Saïd Ibrahim Ben Ali
Prince Said Ibrahim Ben Sultan Said Ali El Maceli Al Ba'alawi (17 April 1911 – 24 December 1975) was a Comorian politician. He served as a member of the French National Assembly from 1959 until 1970, and as Prime Minister of the Comoros from 2 April 1970 until 16 July 1972. He was the son of Sultan Said Ali Bin Sultan Said Omar, Sultan of Grande Comore.
Said Ibrahim was educated at the Myre de Villers School in Antananarivo, Madagascar, with the view that he would be part of the local administration of the Comoros. He initially became an interpreter, and in 1938, after several requests, he obtained the post as Head of Administration to Grande Comore, then later the High Commissioner to Madagascar.
After World War II, in 1946 he was appointed Governor. He made a pilgrimage to Mecca, remaining in Cairo where he met King Farouk, and visiting Al-Azhar University. In 1947/1948 he sought to organize an Arab League struggle against Israel. In 1951 he stood down, arguably to devote himself entirely to politics. He became the leader of the opposition Parti Blanc (White Party), later reconstituted as the Democratic Assembly of the Comoran People (Rassemblement Démocratique du Peuple Comorien—RDPC), in league with the Comorienne Agreement Party (CEP) of his half brother Prince Said Houssein, and in agreement with the Party of General Charles de Gaulle. He was a member of the French National Assembly. Finally, he was appointed Minister of Finance from 1957 to 1958. In 1959, Comoros got two seats in the French National Assembly, while remaining a single electoral district, and in 1962 and 1967, he teamed up with Mohamed Ahmed in elections. From 1958 to 1970 he was elected and reelected president of the Territorial Assembly and the Chamber of Deputies of the Comoros.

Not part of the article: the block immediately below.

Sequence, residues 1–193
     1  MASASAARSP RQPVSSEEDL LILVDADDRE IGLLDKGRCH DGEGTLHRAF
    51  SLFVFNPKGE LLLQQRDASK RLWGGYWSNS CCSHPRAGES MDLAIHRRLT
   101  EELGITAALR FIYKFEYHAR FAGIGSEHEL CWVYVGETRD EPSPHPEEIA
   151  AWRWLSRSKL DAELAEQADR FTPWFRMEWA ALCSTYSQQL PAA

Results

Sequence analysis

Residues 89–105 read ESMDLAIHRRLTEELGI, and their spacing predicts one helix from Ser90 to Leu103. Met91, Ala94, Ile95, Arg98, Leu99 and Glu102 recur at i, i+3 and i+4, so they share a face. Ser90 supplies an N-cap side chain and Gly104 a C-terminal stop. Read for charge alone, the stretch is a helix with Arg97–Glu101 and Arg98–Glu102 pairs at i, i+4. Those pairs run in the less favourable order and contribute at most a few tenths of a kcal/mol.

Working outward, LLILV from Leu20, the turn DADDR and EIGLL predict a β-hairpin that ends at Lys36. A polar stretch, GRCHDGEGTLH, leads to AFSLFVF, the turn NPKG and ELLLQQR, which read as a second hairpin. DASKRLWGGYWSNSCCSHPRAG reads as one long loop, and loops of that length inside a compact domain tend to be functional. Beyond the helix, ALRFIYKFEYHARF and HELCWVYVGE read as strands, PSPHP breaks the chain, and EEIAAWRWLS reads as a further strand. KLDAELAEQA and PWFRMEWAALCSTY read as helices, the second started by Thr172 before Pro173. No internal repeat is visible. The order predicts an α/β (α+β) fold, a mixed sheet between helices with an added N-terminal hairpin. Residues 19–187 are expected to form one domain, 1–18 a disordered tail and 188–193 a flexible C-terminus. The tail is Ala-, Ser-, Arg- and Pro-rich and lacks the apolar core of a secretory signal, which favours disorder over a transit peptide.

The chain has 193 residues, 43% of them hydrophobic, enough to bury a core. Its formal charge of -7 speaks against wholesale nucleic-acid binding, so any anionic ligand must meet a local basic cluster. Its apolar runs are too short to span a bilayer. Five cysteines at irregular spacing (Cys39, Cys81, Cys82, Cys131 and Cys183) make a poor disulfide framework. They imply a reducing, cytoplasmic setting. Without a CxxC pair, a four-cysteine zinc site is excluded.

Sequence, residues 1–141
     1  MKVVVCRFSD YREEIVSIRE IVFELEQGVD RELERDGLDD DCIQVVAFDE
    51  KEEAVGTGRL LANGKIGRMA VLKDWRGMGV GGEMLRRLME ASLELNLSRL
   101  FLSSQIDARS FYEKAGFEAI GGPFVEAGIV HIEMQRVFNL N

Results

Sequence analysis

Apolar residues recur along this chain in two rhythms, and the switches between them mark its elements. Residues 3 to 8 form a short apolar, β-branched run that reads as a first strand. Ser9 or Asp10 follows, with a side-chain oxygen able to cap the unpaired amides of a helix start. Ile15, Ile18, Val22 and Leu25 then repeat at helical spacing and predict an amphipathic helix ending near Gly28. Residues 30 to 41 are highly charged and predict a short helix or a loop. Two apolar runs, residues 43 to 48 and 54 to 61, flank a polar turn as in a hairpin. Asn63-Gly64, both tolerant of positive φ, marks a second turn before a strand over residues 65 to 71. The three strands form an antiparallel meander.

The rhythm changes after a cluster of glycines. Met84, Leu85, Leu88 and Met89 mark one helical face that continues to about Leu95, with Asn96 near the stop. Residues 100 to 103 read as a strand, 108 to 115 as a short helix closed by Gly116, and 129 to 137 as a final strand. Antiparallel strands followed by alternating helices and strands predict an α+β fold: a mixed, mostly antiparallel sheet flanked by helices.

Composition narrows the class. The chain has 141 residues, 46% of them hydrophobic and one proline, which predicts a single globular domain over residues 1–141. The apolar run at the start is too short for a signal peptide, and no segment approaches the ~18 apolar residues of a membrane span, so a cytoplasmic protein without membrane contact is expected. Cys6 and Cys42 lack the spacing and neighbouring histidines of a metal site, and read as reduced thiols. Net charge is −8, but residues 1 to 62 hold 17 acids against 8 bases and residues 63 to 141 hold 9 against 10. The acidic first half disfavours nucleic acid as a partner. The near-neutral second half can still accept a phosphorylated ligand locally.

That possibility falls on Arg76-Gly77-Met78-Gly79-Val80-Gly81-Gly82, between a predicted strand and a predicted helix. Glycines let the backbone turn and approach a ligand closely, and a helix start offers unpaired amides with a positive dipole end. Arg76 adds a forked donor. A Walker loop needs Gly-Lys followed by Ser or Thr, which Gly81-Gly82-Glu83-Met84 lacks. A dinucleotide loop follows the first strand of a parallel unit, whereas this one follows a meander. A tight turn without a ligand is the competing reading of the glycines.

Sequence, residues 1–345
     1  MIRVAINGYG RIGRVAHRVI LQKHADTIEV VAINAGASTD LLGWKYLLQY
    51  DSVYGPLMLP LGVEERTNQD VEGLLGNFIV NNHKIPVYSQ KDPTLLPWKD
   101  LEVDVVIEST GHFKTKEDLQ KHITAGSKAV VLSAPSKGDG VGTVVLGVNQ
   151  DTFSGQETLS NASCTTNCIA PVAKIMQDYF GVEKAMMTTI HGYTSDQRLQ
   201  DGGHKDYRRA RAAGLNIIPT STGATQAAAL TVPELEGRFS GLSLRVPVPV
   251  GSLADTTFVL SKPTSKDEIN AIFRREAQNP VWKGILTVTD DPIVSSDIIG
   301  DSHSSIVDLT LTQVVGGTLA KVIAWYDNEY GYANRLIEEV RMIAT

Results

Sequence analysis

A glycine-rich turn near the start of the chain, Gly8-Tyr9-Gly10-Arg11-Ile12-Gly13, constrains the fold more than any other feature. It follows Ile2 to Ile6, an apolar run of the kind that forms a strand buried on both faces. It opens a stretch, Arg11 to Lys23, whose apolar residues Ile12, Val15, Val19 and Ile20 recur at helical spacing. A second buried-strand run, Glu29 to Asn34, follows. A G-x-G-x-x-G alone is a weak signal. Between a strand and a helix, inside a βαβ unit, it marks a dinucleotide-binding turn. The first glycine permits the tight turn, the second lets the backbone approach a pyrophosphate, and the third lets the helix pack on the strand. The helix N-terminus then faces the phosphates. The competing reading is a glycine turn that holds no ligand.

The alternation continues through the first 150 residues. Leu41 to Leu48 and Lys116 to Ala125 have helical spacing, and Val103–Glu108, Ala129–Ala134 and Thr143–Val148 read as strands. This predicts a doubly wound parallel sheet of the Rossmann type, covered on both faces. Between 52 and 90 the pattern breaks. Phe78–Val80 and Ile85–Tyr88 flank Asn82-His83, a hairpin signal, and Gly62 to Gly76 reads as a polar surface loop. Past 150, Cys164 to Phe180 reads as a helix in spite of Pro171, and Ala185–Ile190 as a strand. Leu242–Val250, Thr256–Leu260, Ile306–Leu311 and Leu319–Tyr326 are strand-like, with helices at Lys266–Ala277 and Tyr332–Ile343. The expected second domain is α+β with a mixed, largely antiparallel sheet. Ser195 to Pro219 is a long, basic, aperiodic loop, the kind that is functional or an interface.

After the death of Sheikh Mohamed Said, he became for a time the strongest politician in the Comoros. He was elected President of the Governing Council on 2 April 1970, and was re-elected on 28 June 1971. Amid calls from all sides of the political elite demanding independence, he maintained that there was "no political independence without economic independence" which implied cooperation between the Comoros and France.
In 1971 the Legislature was hostile to him and he sought and obtained from France the dissolution of the Legislature, but the new assembly sought to overthrow the government in June 1972.
He died in 1975 in Mecca after his pilgrimage. King Faisal of the Kingdom of Saudi Arabia - a close friend of the prince - proposed to the prince's family to bury his body in Mecca or Medina. However, his two elder sons (Prince Said Ali Kemal and Prince Naçreddine) preferred to bury their father in Comoros among his people and therefore King Faisal arranged for his body to be taken back to Comoros Island via the Kings private jet. Said Ibrahim was buried in his home city Iconi.
He has sons and daughters who are well known politicians, ministers and lawyers (Prince Said Ali Kemal, Prince Fahmi Said Ibrahim, Prince Mourad Said Ibrahim, Prince Faiz Said Ibrahim and Prince Moncef Said Ibrahim).
- Adeham Saïd Ibrahim National Assembly of France
- Comoros: The Break with France, Helen Chapin Metz, accessed 2009-07-02
- Photo: three-foiled arches at Prince Said Ibrahim mosque, accessed 2009-07-01